Hundreds of volunteers have taken part in an archaeological effort to find the exact location of the Battle of Bannockburn.
Stirling residents turned out in force for the “big dig” over the weekend, exactly one year ahead the 700th anniversary of the decisive battle in Scotland’s medieval wars of independence
Five families lent their back gardens to the project yesterday as test pits, allowing a search for objects lost during or after the fighting in previously uncovered areas.
The battle took place over two days on 23-24 June 1314 but its exact location is disputed by historians and archaeologists.
David McAllister, director of the Battle of Bannockburn Project, said: “Community outreach is an integral part of the project and the turnout of volunteers was excellent.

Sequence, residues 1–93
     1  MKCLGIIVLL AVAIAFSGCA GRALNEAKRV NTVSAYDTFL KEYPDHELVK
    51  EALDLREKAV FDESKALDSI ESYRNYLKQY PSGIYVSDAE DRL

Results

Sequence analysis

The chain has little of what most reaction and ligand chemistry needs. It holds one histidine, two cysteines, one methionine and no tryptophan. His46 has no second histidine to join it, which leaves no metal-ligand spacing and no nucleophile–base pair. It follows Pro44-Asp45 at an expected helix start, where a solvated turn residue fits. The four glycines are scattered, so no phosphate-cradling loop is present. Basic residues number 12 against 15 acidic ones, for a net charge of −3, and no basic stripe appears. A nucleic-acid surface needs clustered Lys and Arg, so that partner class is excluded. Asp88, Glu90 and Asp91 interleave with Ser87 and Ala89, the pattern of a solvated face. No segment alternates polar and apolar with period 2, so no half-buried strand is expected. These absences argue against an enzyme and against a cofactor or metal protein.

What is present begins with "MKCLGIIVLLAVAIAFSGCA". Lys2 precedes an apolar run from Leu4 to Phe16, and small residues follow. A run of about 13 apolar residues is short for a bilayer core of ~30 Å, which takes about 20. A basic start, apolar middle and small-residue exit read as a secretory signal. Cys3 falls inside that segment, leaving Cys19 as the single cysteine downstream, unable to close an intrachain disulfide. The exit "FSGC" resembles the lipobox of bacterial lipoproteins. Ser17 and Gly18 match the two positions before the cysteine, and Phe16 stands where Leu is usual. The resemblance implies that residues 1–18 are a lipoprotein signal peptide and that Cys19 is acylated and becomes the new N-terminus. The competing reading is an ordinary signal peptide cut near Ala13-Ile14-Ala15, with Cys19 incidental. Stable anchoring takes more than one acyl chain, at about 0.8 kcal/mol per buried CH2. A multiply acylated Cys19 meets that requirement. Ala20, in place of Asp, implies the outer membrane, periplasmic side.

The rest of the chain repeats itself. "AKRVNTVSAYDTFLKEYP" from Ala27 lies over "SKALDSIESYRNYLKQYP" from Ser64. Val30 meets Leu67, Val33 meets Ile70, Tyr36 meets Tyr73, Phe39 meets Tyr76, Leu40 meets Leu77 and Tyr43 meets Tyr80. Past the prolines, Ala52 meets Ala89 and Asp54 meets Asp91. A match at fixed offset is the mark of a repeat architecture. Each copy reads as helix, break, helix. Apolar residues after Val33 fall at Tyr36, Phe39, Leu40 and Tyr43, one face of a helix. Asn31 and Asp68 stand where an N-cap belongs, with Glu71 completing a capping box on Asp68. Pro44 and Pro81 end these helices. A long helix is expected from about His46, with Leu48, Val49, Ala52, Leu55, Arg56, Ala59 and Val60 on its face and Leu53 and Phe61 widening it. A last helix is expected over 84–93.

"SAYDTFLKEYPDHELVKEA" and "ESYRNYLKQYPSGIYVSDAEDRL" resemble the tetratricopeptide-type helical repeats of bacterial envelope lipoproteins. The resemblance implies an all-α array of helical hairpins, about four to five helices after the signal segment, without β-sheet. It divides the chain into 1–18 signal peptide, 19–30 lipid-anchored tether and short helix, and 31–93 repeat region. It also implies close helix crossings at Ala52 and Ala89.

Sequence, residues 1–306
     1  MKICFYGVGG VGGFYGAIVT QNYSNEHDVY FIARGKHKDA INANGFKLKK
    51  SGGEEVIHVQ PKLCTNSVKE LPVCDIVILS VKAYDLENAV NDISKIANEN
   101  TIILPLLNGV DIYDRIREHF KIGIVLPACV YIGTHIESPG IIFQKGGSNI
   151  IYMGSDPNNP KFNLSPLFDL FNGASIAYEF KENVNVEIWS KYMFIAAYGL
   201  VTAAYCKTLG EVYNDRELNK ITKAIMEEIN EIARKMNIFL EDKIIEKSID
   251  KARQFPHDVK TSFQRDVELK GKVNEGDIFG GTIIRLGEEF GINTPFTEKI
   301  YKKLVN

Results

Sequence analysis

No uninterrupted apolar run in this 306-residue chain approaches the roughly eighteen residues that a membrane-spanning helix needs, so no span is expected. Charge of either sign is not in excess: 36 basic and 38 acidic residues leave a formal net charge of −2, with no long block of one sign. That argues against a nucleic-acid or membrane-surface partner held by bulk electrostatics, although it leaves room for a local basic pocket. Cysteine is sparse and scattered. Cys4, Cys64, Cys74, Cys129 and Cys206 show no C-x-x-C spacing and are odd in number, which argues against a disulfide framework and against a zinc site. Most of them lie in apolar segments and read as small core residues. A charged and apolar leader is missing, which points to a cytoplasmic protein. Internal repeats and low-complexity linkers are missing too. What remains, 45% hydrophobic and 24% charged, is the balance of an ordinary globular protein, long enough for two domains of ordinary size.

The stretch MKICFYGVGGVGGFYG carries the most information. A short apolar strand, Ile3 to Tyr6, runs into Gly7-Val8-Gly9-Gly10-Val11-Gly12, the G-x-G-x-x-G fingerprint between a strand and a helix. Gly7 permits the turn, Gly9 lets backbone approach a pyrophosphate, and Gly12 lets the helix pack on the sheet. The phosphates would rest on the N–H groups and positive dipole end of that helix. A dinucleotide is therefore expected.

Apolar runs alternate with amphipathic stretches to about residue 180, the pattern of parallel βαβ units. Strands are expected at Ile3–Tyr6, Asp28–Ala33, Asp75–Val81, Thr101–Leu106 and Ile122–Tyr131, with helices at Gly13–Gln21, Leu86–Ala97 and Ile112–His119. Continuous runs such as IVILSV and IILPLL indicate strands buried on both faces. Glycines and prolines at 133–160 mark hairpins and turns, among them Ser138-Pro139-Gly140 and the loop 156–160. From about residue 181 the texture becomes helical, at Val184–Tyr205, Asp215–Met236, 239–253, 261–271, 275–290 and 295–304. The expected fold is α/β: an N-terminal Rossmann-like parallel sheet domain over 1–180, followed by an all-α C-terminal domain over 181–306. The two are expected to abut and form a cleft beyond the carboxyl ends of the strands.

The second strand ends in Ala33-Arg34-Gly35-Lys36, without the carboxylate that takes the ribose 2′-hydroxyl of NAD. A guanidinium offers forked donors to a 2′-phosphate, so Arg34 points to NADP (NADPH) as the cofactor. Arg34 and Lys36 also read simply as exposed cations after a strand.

“Historians and archaeologists often have conflicting views as to where parts of the battle took place, and we hope that this work will bring new evidence to life. Our aim is to tell the story of the Battle of Bannockburn as accurately as possible at the new visitor centre opening in 2014.”
The dig is part of an on-going project by the National Trust for Scotland in association with Glasgow University’s Centre for Battlefield Archaeology, Stirling Council, GUARD Archaeology Ltd and BBC Scotland.
Part of the dig was filmed for a two-part BBC Scotland series presented by “Two Men in a Trech” documentary makers Neil Oliver and Dr Tony Pollard, due for release in spring 2014.
Mr Oliver said: “This has to be one of the most potentially exciting archaeological digs in Scotland that there has ever been.”